Facing aggravated assault charges means fighting off consequences that could change your life forever. Even if you have no criminal history, a first-time assault charge conviction can result in a lengthy prison term. You do not want to brave a fight against such serious allegations without a skilled criminal defense attorney fighting for you.

What is Aggravated Assault in Texas?

The charge is found in Texas Penal Code § 22.02 (Assaultive Offenses). Aggravated assault can be committed in two ways:

  1. Causing serious bodily injury to a person,
    • Intentionally;
    • Knowingly; or
    • Recklessly.
  2. Threatening a person with imminent bodily injury with a deadly weapon,
    • Intentionally; or
    • Knowingly


Domestic Violence A deadly weapon is used during the assault AND the victim suffers serious bodily injury AND the victim is a family or household member OR someone the offender is or has dated or had an intimate relationship with. First (1st) Degree Felony Prison sentence for 5 to 99 years and a fine of up to $10,000.00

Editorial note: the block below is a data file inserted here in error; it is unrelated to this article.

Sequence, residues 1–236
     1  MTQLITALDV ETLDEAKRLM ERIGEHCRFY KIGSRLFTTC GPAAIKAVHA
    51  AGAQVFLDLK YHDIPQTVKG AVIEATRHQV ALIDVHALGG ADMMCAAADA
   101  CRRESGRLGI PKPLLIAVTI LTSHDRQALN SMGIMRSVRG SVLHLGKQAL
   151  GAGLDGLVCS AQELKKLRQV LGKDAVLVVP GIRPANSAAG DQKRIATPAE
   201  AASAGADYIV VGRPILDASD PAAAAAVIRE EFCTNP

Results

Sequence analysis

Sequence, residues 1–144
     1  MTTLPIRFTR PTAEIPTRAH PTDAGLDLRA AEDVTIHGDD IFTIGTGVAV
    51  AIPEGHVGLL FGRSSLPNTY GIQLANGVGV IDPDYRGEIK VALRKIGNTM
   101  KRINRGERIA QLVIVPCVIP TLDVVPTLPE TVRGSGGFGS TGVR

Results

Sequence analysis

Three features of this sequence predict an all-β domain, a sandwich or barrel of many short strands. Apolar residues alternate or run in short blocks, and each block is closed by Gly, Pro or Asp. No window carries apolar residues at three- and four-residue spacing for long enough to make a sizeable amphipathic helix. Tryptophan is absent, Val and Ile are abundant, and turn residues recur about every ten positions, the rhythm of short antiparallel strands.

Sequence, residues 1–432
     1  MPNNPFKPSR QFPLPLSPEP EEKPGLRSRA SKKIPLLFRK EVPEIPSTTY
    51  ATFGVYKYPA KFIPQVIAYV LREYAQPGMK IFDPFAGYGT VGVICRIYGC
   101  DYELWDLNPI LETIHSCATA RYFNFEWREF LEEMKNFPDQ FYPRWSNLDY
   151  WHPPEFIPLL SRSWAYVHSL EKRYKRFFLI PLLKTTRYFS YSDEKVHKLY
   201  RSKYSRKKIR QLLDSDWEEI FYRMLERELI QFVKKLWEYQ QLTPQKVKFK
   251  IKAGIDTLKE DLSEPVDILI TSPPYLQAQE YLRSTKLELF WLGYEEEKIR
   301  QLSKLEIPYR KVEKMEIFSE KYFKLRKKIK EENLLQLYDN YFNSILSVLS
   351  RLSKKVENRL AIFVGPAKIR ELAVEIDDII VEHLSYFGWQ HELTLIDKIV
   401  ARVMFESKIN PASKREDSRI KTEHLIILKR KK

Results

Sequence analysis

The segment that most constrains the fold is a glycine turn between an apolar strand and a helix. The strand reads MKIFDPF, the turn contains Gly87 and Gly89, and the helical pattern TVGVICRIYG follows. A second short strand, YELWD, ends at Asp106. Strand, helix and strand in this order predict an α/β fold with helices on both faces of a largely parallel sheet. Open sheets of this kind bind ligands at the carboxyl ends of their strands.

Assault BY a Public Servant Aggravated assault is committed by a public servant (e.g. state or county worker) acting in his official capacity. First (1st) Degree Felony Prison sentence for 5 to 99 years and a fine of up to $10,000.00
Assault ON a Public Servant The victim of the aggravated assault is someone is a public servant engaged in performance of his duties or the assault is committed in retaliation for the public servant performing his duties. First (1st) Degree Felony Prison sentence for 5 to 99 years and a fine of up to $10,000.00
Retaliation The aggravated assault is retaliation against someone that is a witness, informant, or a person who reported a crime. First (1st) Degree Felony Prison sentence for 5 to 99 years and a fine of up to $10,000.00
Assault on Security Officer The victim is a security officer engaged in performing his duties. First (1st) Degree Felony Prison sentence for 5 to 99 years and a fine of up to $10,000.00
Drive-By Shooting A person shoots a gun from a car at a house, building or another car with reckless disregard for whether the house, building or car is occupied or causes serious bodily injury to the victim. First (1st) Degree Felony Prison sentence for 5 to 99 years and a fine of up to $10,000.00